Charles Fitzpatrick

The Right Honourable
Sir Charles Fitzpatrick
5th Chief Justice of Canada
In office
June 4, 1906  October 21, 1918
Nominated by Wilfrid Laurier
Preceded by Henri Elzéar Taschereau
Succeeded by Louis Henry Davies
12th Lieutenant Governor of Quebec
In office
October 23, 1918  October 31, 1923
Monarch George V
Governor General The Duke of Devonshire
The Lord Byng of Vimy
Premier Lomer Gouin
Louis-Alexandre Taschereau
Preceded by Pierre-Évariste Leblanc
Succeeded by Louis-Philippe Brodeur
MP for Quebec County
In office
August 19, 1896  June 3, 1906
Preceded by Jules Joseph Taschereau Frémont
Succeeded by Lorenzo Robitaille
Minister of Justice and Attorney General of Canada
In office
February 11, 1902  June 3, 1906
Preceded by David Mills
Succeeded by Allen Bristol Aylesworth
Solicitor General of Canada
In office
July 13, 1896  February 9, 1902
Preceded by Charles Hibbert Tupper
Succeeded by Henry George Carroll
MLA for Québec-Comté
In office
June 17, 1890  June 11, 1896
Preceded by Thomas Chase-Casgrain
Succeeded by Némèse Garneau
Personal details
Born (1851-12-19)December 19, 1851
Quebec City, Canada East
Died June 17, 1942(1942-06-17) (aged 90)
Quebec City, Quebec
Political party Quebec Liberal Party (1890–1896)
Liberal Party of Canada (1896–1906)
Religion Roman Catholic

Sir Charles Fitzpatrick GCMG PC (December 19, 1851 – June 17, 1942) was a Canadian lawyer and politician, who served as the fifth Chief Justice of Canada. He was born in Quebec City, Canada East, to John Fitzpatrick and Mary Connolly.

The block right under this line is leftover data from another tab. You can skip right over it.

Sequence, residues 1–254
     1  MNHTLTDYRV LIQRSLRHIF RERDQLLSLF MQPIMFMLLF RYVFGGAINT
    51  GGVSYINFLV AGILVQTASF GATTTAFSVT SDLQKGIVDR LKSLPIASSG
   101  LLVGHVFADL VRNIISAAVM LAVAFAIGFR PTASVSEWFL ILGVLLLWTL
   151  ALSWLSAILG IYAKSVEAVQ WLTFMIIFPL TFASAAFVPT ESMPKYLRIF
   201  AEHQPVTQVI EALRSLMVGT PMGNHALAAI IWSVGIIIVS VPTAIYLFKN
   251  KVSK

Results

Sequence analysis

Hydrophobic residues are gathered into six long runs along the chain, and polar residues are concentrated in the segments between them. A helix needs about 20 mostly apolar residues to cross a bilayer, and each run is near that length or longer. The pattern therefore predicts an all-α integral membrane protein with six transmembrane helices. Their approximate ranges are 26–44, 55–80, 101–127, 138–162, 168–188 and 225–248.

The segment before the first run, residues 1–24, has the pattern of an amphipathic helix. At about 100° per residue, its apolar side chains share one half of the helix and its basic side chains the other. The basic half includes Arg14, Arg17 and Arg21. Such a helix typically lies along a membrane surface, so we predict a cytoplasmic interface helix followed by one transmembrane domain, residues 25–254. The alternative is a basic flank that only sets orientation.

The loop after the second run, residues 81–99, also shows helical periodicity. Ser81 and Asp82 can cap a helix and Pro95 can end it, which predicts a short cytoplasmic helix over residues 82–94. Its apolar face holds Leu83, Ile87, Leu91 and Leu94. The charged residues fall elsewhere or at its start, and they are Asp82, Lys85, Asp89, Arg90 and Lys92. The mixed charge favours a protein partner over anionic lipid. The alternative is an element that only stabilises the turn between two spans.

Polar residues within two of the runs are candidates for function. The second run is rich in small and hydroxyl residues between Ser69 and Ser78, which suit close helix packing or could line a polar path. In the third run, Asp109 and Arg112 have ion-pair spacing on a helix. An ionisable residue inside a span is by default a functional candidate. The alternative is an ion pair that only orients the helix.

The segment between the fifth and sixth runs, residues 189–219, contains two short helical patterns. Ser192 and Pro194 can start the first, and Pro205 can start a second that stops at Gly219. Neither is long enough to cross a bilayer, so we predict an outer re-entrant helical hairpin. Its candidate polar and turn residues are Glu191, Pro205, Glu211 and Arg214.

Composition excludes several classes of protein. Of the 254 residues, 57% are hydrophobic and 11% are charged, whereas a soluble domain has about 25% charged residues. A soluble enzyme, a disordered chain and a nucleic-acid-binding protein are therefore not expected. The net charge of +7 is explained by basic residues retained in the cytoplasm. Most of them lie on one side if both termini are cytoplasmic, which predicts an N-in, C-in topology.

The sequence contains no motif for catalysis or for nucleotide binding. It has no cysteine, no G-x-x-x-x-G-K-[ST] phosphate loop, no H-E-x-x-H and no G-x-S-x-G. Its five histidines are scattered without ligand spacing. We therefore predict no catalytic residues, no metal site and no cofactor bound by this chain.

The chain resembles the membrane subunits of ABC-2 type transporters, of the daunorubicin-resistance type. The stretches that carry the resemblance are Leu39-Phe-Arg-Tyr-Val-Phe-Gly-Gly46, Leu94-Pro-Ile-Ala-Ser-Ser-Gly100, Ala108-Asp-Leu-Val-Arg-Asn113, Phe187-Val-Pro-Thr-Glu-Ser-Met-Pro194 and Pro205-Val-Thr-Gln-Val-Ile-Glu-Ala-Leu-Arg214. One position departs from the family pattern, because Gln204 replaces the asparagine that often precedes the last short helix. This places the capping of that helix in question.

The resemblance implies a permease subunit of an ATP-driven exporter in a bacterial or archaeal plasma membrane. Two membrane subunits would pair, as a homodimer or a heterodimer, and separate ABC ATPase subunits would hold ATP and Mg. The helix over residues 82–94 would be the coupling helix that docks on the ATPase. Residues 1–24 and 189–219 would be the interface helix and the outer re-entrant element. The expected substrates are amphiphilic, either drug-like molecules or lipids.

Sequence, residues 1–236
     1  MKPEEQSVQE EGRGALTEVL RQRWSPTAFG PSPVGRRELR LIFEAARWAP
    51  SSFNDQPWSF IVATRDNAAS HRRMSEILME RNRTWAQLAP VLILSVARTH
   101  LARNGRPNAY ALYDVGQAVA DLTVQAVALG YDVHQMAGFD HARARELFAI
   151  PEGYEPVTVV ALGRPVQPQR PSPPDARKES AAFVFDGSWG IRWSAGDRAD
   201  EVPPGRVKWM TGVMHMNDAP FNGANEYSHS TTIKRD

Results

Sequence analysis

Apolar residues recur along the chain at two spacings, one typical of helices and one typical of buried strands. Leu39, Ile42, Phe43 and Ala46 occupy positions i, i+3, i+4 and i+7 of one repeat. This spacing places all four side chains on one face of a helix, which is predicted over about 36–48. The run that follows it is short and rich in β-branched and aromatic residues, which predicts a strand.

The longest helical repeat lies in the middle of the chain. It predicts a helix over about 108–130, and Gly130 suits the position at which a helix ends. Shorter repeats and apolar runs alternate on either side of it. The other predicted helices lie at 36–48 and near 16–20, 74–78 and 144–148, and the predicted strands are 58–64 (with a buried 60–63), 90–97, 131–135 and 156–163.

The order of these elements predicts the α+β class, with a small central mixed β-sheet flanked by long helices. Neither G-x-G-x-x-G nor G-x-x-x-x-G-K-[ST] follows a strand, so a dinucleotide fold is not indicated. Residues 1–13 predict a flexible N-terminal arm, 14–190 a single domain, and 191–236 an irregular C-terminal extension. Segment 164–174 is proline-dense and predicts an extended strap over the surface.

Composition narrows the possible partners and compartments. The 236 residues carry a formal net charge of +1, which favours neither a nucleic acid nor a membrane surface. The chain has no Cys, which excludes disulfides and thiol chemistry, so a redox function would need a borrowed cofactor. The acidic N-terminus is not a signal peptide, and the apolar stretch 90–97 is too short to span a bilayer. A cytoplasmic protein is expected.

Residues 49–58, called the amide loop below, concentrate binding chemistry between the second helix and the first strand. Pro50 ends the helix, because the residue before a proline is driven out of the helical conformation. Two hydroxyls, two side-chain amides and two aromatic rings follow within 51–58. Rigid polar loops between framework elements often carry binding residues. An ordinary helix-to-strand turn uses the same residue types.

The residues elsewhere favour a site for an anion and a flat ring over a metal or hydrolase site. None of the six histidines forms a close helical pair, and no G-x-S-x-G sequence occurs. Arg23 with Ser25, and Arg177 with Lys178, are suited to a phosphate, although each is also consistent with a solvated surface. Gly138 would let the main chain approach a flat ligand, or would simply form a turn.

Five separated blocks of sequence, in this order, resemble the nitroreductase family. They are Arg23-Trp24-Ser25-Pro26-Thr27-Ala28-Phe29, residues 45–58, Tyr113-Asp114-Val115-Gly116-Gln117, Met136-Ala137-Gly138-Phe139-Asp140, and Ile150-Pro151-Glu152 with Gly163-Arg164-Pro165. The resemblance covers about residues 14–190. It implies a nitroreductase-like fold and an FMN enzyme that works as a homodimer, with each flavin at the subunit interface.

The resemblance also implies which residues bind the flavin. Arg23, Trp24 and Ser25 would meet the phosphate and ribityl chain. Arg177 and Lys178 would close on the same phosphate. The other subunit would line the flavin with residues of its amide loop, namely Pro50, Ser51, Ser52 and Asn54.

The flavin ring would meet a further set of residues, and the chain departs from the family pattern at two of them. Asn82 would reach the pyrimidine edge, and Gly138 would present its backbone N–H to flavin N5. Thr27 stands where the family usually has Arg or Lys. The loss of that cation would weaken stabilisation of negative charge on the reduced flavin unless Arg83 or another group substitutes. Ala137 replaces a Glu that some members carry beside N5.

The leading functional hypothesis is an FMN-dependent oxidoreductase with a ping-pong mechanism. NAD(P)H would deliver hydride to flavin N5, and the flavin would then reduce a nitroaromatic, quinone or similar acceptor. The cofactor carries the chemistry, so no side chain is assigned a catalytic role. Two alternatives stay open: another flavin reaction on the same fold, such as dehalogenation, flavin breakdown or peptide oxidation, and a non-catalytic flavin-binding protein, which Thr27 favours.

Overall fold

He studied at Laval University, earning his B.A. degree (1873) and LL.B degree (1876), earning the Dufferin Silver Medal.[1] Called to the bar of Quebec in 1876, he established his practice in Quebec City and later founded the law firm of Fitzpatrick & Taschereau.

Fitzpatrick, MP

In 1885, he acted as chief counsel to Louis Riel who was on trial for leading the North-West Rebellion. Riel was found guilty and sentenced to death.

Fitzpatrick entered politics in 1890, winning election to the Quebec Legislative Assembly in Québec-Comté electoral district. He was re-elected in 1892, but resigned in June 1896 to enter federal politics.

He was first elected to the Canadian House of Commons in Quebec County electoral district in the 1896 federal election as a Liberal Member of Parliament (MP). He served as Solicitor General of Canada from 1896 to 1902, and as Minister of Justice from 1902 until 1906.

He was appointed to the Supreme Court of Canada as Chief Justice. He served in that position until 1918 when he was appointed the 12th Lieutenant Governor of Quebec. During his period as Lieutenant Governor, his nephew acted as Premier of Quebec, Louis-Alexandre Taschereau.

He is the only Chief Justice other than Sir William Buell Richards to have served in that position without having first been a Puisne Justice on the court (Richards was Chief Justice at the court's creation in 1875), and the only Chief Justice to have been appointed without any prior judicial experience.

In 1905, he took part, as the federal government representative, in the negotiations that led to the creation of the provinces of Alberta and Saskatchewan. He was knighted in 1907.

May 20, 1879, Fitzpatrick married Marie-Elmire-Corinne Caron, daughter of René-Édouard Caron, 2nd Lieutenant Governor of Quebec, and his wife Marie-Joséphine De Blois.

Chief Justice Fitzpatrick died on June 17, 1942, aged 88 years and 6 months; he is interred in Sillery, Quebec.


  1. History of the Administration of the Earl of Dufferin in Canada, by William Leggo, Toronto: Lovell Printing and Publishing Company (1878), pg. 877
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